On April 16, 2012, the government of Argentina officially announced that it would nationalize YPF, citing a lack of domestic production and investment. Trading in YPF ADSs was halted on April 17, 2012. When trading resumed on April 18, 2012, the price of YPF ADSs had dropped by over thirty-two percent.
The government of Argentina subsequently initiated an audit and investigation of Repsol and published its findings in the " Mosconi Report" on June 1, 2012. The Mosconi Report's self-proclaimed purpose was to " provide evidence [of Repsol's] strategy of depredation, disinvestment and failure to appropriately supply the domestic market" since assuming control of YPF in 1999.
B. The Registration Statement
Plaintiffs contend that " the risk of nationalization was reasonably likely to have a material impact on YPF's continuing operations and, therefore, was required to be disclosed in the Registration Statement, but was not."  Instead, the Registration Statement discussed in general terms the potential impact of government policy on YPF's operations. The Registration
Statement also disclosed the risk that exploration and production concessions could be terminated for " substantial and unjustifiable failure to comply with specified production, conservation, investment, work or other obligations."  Similarly, YPF's Form 6-K of February 24, 2011, which was incorporated by reference into the Registration Statement, discussed " risks and challenges relating to government regulation and control of the energy sector,"  as well as the risk of losing concessions contracts with Argentinian provinces.
Plaintiffs contend that the above excerpts from the Registration Statement and Form 6-K were inaccurate and misleading for failing to disclose that:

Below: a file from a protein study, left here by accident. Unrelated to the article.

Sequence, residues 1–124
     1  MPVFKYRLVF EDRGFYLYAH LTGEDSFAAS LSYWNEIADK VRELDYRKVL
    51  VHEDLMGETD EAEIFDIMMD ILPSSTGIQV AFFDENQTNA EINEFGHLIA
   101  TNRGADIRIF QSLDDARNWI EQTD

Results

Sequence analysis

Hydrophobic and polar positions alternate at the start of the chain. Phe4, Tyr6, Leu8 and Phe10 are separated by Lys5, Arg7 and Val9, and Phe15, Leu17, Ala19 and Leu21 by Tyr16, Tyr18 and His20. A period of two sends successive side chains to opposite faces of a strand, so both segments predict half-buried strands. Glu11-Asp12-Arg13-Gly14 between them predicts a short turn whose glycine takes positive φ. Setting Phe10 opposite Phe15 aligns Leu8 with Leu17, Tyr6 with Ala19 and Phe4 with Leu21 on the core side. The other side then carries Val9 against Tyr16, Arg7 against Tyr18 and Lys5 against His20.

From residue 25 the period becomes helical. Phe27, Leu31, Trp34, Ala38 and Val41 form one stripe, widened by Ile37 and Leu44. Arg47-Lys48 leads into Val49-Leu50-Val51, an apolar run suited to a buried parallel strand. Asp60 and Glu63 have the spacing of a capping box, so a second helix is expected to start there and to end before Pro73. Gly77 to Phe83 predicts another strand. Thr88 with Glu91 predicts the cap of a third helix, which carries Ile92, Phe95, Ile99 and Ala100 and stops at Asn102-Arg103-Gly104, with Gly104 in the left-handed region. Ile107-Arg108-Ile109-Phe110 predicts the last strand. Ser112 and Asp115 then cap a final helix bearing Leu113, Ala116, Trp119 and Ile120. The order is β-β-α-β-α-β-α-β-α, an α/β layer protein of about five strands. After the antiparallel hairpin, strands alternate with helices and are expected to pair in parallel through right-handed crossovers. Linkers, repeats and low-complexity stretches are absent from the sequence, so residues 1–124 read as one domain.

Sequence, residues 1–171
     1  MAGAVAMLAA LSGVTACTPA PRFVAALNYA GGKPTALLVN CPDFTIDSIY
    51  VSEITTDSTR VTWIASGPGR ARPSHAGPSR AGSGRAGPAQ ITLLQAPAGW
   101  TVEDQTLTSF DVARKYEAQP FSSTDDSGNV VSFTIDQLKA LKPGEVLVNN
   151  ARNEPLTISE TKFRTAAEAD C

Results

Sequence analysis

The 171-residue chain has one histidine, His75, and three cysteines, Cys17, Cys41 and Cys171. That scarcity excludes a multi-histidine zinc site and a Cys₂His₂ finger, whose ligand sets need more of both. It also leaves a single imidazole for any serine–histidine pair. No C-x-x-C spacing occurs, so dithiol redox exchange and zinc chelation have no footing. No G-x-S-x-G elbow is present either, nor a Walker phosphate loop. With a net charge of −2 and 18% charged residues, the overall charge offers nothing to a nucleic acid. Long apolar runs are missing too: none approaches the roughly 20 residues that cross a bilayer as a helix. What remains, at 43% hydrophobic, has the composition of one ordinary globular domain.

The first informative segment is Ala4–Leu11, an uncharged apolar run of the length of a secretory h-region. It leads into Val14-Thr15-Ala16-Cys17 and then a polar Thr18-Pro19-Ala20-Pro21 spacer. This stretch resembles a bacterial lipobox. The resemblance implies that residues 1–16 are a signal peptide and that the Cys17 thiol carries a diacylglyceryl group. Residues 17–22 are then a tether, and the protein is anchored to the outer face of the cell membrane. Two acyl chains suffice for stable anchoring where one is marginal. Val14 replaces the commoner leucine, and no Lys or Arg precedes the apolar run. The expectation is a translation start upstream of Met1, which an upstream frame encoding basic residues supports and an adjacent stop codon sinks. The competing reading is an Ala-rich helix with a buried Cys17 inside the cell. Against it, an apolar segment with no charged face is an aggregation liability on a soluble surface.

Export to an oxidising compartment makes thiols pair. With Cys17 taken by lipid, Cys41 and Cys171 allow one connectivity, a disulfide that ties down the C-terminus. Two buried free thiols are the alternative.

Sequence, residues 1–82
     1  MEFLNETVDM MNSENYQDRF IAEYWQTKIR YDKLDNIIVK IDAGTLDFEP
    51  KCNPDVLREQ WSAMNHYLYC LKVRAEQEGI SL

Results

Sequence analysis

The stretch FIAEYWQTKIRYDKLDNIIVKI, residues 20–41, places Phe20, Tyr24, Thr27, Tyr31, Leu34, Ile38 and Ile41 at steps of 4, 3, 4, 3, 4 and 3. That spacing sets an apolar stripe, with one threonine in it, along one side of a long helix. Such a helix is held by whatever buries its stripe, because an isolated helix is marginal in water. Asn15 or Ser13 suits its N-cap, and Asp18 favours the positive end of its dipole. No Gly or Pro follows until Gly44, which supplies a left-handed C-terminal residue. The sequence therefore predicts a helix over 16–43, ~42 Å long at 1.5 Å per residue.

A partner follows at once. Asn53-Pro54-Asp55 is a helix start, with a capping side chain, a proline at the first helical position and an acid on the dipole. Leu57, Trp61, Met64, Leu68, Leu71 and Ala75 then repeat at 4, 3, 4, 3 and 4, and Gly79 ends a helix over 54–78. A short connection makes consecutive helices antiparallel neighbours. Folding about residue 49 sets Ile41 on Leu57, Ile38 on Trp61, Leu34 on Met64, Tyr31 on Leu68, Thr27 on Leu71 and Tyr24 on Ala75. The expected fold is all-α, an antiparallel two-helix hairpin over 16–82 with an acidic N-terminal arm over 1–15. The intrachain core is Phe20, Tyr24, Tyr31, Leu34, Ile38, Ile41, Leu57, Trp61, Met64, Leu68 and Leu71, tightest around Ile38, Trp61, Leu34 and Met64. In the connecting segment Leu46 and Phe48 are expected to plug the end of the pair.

(i) Repsol was deliberately not investing in Argentinean exploration projects and, instead, was using the Company's profits to pay unusually high dividends to fund its international expansion efforts; (ii) YPF failed to finance domestic exploration and development, which caused the Company to breach its concession contracts with various Argentinean provinces; and (iii) YPF failed to invest domestically, which increased the risk that the Company would be nationalized.
C. Misrepresentations and Omissions Under the Exchange Act
In addition to the alleged misrepresentations in the Registration Statement, plaintiffs allege that YPF, Repsol and the Individual Defendants made many other misrepresentations and omissions of material fact during the Class Period. Most of the offending statements were either optimistic predictions about the Vaca Muerta formation or expressions of YPF's commitment to increasing domestic investment and exploration. Plaintiffs argue that such statements were materially misleading because they failed to disclose:
(i) that Repsol was deliberately not investing in Argentinean exploration projects and, instead, was using YPF's profits to pay unusually high dividends and to fund Repsol's own international expansion efforts; (ii) that YPF's failure to finance domestic exploration and development caused the Company to breach its concession contracts with various Argentinean provinces; (iii) that YPF's failure to invest domestically increased the risk that the Company would be nationalized; and (iv) that nationalization by the Argentinean government would likely have a severe adverse effect on shareholders and on the Company's market value.